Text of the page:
Five Simple Brewing Methods to Better Your Coffee Routine
Byline: We discover methods beyond the pour-over to make great coffee at home
By Katrina Yentch
How To Make Pour-Over Coffee Beyond Pour-Over
We' vein the demand for specialty coffee at home as more café in history; lovers pursue a safe and delicious cup indoors.
However, many of us want to level up our home brewing game, by exploring methods other than a standard pour-over or drip coffee.
Plenty of coffee brewing methods offer different taste profiles. That can completely alter the same bag of beans you've had in your house for the last two weeks.
Change your home set up by trying these five brewers:
French Press - A French press may be the most introductory and error-free way to brew, more superior coffees when entering the world of home brewing.
We call the device the French press, but two Italians invented it in 1929. The French press is an immersion method, so all the coffee comes into contact with all water simultaneously.
For this reason, you do not need as many other accompanying coffee brewing tools, like a scale or a gooseneck kettle.
If you're low maintenance with your home brewing, you can get away with just a spice grinder, and a bag of excellent coffee to get the job done.
Moka Pot - Although the Moka pot may be a new way for many to brew coffee, it is one of the oldest devices.
The Moka pot is a stovetop espresso method invented by Alfonso Bialetti in 1933 in Italy.
Bialetti drew inspiration from watching his wife do laundry, with an appliance called a Lessiveuse, which is like what the Moka pot body looks like today.
We also refer to the Moka pot as a coffee percolator, in which water constantly boils at the bottom of a pot, and uses steam pressure to push coffee through a filter.
Although we consider the Moka pot is an espresso method. Don't expect to taste the same small cup of espresso you'd get at a cafe.
The result is undoubtedly a richer coffee cup. But there will be around 4-6 ounces in volume, accompanied by a sharp and robust taste.
AeroPress - Fun fact: an Australian company named Aerobie invented the AeroPress in 2005—a business that also makes frisbees and boomerangs!
Little did Adler Alan know that his side project would eventually become a cult classic in the coffee brewing world.
The AeroPress is another espresso-style brewing method. In the sense that it also uses pressure to brew coffee grounds through a paper filter.
The result is a crisp, acidic, and bright coffee cup that yields a similar 6-8 ounces in volume when prepared.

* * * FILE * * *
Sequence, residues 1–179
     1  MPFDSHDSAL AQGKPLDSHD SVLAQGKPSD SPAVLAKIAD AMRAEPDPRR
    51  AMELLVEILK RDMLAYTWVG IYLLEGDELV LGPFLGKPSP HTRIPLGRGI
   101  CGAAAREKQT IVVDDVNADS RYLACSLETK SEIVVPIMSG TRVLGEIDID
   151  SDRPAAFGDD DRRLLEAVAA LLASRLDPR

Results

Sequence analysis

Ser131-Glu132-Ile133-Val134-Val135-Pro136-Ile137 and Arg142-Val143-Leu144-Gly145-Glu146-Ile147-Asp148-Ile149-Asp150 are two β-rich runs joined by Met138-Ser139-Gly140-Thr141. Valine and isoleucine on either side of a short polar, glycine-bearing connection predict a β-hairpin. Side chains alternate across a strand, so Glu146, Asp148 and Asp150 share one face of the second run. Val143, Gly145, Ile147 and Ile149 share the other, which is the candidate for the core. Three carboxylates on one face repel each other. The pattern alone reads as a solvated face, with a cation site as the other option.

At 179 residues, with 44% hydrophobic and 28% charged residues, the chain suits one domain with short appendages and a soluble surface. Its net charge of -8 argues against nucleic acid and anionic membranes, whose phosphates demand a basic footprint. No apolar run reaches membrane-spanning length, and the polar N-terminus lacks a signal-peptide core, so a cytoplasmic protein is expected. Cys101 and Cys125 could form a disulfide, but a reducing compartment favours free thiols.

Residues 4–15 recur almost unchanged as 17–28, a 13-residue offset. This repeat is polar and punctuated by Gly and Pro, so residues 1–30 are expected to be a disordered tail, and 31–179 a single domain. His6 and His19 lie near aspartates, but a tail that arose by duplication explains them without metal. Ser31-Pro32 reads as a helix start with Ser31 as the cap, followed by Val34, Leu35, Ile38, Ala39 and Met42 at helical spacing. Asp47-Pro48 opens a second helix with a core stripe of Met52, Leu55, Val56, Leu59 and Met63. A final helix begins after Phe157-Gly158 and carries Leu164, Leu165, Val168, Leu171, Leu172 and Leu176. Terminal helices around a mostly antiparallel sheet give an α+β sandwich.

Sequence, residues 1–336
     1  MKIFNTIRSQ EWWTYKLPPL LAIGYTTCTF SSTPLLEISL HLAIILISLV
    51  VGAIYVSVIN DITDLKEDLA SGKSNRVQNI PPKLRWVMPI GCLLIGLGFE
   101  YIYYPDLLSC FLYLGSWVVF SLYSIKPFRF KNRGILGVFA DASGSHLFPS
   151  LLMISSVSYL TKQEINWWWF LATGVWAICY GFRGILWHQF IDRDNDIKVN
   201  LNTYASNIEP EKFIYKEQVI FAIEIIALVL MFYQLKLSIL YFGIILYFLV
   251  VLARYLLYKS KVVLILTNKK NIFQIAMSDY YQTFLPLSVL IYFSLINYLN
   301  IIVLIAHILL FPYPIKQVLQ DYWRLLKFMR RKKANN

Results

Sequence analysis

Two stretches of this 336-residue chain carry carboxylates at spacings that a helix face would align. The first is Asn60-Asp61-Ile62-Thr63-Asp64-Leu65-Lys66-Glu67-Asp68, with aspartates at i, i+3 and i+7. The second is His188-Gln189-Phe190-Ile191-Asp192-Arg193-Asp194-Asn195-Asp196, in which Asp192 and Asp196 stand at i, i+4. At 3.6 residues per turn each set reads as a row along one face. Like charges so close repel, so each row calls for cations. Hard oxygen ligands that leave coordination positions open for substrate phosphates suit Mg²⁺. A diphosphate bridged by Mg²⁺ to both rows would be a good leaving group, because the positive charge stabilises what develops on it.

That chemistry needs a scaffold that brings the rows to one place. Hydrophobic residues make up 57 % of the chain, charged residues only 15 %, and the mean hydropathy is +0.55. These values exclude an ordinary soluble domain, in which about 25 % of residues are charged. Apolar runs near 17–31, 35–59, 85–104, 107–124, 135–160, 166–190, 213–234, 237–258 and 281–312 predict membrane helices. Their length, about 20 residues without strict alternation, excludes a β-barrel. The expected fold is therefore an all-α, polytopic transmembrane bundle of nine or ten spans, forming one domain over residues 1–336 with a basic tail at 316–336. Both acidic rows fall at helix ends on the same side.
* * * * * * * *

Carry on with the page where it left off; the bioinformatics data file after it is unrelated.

The device is affordable and easy to customize your brewing recipe, and there's even a World AeroPress Championship dedicated to dialing in the best brew.
Clever Dripper - The Clever Dripper's origin is a mystery. Because it does not credit its inception to any specific person or company
It emerged out of the early 2000s and is a low -maintenance immersion brewing method. With a pour-over cone design.
Unlike the French Press, its advantage over other immersion methods is that it is sediment-free. Because of the paper filter rather than a metal filter.
how to Make pour-Over coffee With Clever Dripper
To brew coffee, place coffee grounds into the device. Add all of your water at once, and let everything "steep" for a few minutes.
Once your coffee dispenses. You end up with a very full-bodied cup of coffee, accompanied by a crisp and clean taste.
This taste is because of the paper filter that goes into the Clever before adding grounds.
Pure Over - A bonus brewer and exciting recent addition to the coffee world. The Pure Over is a sleek, paper-free brewing device, paper-free, and all glass.
Professional glassblower Etai Ramhil designed it this year in Portland, Oregon. And should come out in the spring of 2021.
Pure Over is a combination of pour-over and immersion methods, so we pour all the water over at once.
The coffee filters at a paced rate because of its glass filter attachment. The company describes the resulting cup as "chewy," with a consistency similar to simple syrup.
Bio: Katrina is a freelance writer with an emphasis on the F&B industry. She's also the online editor at Barista Magazine. When she isn't writing, she's likely cooking, hiking, or power napping.